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|This is an opinion article from a user of WikiChristian.|
By Graham Grove, August 2007
The following is a 500 word that answers the question: What were the main themes of Moody's preaching and the principal elements of his "revivalism"?
Dwight Lyman Moody was one of the most significant evangelists of the nineteenth century. He is remembered primarily for his role as a popular preacher in the revival that occurred throughout the United States of America and the United Kingdom during his lifetime.
The sermons of D.L. Moody focussed predominantly on the redemption that comes through faith in Christ. He was not a highly educated man nor had he any formal theological training, and he seldom discussed the more technical and peripheral aspects of theology. Although he considered what a person believed to be important, he regarded who a person believed in to be of the utmost importance. The message he brought to his hearers reflected this belief. Speaking to audiences of up to twenty thousand people at a time, Moody most often focussed on his core understanding of Christianity: that all people have been ruined by the fall; that Jesus' blood offers redemption; and that the believer becomes a new creation through regeneration by the Holy Spirit.
Moody understood revivalism as having a number of major characteristics. To him, revivalism involved an unquestioning view of the Bible’s authority in revealing that personal conversion was the heart of revival. His revivalism was crucicentric, concentrating on the doctrine of the atonement. Moody understood that he was called by God to be committed to actively seeking the spread of the good news of Jesus to all people. Salvation for everyone was Moody’s greatest desire. He preached on this subject on many occasions, saying, "When I see a poor drunkard, when I see a thief, when I see a prisoner in yonder prison, it is a grand, glorious thing, to go and proclaim to him the glad tidings; because I know he can be saved."
Although Moody spoke about sin and the fall of humanity, this alone was never his main focus. He rarely spoke about hell, but instead his messages were almost universally positive. He noted that "Christ comes to bless. He does not come to demand" and so using Christ as his ideal, Moody continually told of the goodness, forgiveness and love of God.
Ultimately, Moody always attributed his impact on revival to God, however, there were a number of factors that influenced his success. As a poorly educated layman, his unclerical tone struck a chord with his unchurched audience, as did his use of halls and theatres rather than church buildings. He often spoke passionately and his emphasis on emotional knowledge of God, in addition to reason, along with his use of music drew positive responses from his hearers. His excellent organizational skills resulted in large numbers actually hearing his message. Additionally he aimed to make his meetings have mass appeal. When, for example, in 1893 the World Fair came to Chicago and remained open on Sunday, Moody wad heard to say, "Let us open so many preaching places and present the gospel so attractively that people will want to come and hear it". Finally, Moody was gifted with drawing people together in unity of purpose and successfully bridging the gap between liberal and evangelical Christians, gaining support from both.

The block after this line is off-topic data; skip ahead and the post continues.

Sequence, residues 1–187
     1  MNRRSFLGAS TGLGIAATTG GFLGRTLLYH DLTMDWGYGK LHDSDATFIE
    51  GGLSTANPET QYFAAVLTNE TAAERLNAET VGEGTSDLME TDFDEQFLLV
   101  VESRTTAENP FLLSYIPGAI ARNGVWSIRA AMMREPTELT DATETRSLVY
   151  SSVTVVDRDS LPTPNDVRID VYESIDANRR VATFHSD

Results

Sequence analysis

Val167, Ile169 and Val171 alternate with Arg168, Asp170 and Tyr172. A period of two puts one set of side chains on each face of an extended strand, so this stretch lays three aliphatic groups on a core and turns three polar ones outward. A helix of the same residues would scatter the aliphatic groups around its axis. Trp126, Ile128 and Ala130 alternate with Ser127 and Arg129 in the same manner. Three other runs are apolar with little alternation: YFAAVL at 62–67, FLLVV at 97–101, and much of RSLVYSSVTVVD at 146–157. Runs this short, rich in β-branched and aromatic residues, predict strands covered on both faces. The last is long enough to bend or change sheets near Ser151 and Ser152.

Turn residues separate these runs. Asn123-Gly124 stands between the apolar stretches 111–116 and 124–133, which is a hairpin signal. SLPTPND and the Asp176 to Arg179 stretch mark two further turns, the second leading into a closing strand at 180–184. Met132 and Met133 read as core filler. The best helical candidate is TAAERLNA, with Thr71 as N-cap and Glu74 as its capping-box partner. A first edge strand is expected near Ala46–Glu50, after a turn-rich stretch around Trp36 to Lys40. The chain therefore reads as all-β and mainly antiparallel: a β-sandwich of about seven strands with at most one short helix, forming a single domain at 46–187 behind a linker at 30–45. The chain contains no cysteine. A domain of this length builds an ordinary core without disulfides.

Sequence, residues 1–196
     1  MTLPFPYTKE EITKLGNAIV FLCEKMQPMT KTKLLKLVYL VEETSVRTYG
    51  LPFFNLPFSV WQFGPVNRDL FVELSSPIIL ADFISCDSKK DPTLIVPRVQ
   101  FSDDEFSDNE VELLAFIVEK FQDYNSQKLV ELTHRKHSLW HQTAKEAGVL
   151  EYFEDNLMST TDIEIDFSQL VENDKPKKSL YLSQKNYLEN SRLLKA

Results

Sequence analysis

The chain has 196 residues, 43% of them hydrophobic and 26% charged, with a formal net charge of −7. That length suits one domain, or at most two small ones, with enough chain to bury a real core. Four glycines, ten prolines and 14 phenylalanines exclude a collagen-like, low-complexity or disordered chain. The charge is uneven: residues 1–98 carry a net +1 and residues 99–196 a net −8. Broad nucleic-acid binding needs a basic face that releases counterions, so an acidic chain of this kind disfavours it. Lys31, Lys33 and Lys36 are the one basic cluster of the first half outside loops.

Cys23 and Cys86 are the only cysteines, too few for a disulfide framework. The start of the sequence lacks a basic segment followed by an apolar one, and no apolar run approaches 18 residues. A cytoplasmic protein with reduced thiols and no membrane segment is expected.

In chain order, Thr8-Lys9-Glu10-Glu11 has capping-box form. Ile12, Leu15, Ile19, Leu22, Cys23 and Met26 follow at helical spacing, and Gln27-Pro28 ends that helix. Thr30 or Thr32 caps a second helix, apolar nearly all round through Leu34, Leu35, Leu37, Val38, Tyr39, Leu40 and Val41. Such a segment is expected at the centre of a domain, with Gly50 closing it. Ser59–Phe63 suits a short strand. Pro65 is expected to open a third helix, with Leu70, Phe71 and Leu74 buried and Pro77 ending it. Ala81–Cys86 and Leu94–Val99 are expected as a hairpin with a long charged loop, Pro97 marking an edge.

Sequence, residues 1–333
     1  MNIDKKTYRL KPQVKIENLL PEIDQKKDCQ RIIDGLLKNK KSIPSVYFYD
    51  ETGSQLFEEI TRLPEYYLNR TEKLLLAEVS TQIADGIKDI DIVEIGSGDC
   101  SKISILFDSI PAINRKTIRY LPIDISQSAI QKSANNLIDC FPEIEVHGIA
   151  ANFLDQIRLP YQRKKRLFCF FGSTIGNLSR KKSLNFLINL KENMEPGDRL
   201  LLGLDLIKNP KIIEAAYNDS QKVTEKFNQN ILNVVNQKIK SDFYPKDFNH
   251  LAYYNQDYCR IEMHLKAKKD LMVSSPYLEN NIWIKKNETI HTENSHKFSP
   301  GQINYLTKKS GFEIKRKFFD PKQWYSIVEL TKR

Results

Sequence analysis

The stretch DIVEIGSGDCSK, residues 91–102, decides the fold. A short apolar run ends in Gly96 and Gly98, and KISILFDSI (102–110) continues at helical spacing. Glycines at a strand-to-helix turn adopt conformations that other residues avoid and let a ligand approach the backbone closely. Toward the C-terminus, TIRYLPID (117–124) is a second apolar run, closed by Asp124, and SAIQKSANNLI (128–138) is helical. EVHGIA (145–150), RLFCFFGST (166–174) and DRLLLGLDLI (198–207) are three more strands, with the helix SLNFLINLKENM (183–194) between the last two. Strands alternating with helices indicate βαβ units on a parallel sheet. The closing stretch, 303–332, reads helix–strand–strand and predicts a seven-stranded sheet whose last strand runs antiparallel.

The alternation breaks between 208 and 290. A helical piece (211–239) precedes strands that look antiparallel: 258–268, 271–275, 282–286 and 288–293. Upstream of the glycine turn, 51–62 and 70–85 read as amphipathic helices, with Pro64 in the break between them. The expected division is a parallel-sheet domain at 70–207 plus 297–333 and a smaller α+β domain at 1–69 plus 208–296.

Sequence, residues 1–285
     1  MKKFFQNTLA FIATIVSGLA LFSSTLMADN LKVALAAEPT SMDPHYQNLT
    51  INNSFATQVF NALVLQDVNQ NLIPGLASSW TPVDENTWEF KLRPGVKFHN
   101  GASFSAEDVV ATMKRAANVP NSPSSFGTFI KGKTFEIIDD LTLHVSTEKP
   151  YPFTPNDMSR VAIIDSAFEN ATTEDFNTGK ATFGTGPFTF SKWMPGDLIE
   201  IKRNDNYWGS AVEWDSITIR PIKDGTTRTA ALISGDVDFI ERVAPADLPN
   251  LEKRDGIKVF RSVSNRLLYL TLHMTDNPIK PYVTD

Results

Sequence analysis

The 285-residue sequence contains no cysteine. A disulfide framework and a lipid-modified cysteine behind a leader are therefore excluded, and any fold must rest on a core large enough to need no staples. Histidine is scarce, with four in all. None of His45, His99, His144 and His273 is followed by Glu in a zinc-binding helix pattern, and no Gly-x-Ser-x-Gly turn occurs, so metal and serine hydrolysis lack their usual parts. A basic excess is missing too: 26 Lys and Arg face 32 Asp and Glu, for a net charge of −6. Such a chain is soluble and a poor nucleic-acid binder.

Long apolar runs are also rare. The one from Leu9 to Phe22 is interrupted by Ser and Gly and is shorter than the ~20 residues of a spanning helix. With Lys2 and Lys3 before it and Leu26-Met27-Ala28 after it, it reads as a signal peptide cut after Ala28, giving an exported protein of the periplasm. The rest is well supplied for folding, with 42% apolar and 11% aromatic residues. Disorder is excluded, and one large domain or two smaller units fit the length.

D.L. Moody was one of the most notable evangelists in the last two centuries. The principal elements of his revivalism were large meetings where he constantly preached on what he considered the central theme of Christianity, that is, salvation through personal faith in Christ.
- ↑ JL Gonzalez, The Story of Christianity, 2 volumes. (New York: Harper-Collins Publishers, 1985), 254
- ↑ DJ Tidball, The Lion Handbook: The History of Christianity 2nd Edition, Editor: Tim Dowley. (Oxford: Lion Publishing, 1990), 545
- ↑ D Maas, “The Life & Times of D.L. Moody”, Christian History, Volume IX, Issue 25, (1990): 5
- ↑ SN Gundry, “The Three Rs of Moody’s Theology”, Christian History, Volume IX, Issue 25, (1990): 16
- ↑ Gundry, “Three Rs”, 18. Gundry records Moody as saying: “Doctrines are all right in their places, but when you put them in the place of faith or salvation, they become sin”
- ↑ Maas, “Life & Times”, 5
- ↑ Gundry, “Three Rs”, 17-19
- ↑ DW Bebbington, “Moody’s Changed Revivalism”, Christian History, Volume IX, Issue 25, (1990): 23
- ↑ DL Moody, The Faithful Saying. A Series of Addresses. (London: Morgan and Scott, 1877), 52. In his address, The Gospel, Moody announced, “I have come to proclaim the gospel of Christ”
- ↑ Moody, Faithful Saying, 62. Moody said this as he explained that the Gospel was for all in his address, The Gospel To The Poor
- ↑ Gundry, “Three Rs”, 17-18
- ↑ Moody, Faithful Saying, 65. Moody said this when defending his lack of emphasis on hell and damnation in his address, The Gospel To The Poor
- ↑ Bebbington, “Changed Revivalism”, 23
- ↑ Tidball, Lion Handbook, 545
- ↑ VL Brereton, “The popular educator”, Christian History, Volume IX, Issue 25, (1990): 27
- ↑ KA Miller, “Delightfully Unconventional”, Christian History, Volume IX, Issue 25, (1990): 4
- ↑ Bebbington, “Changed Revivalism”, 23
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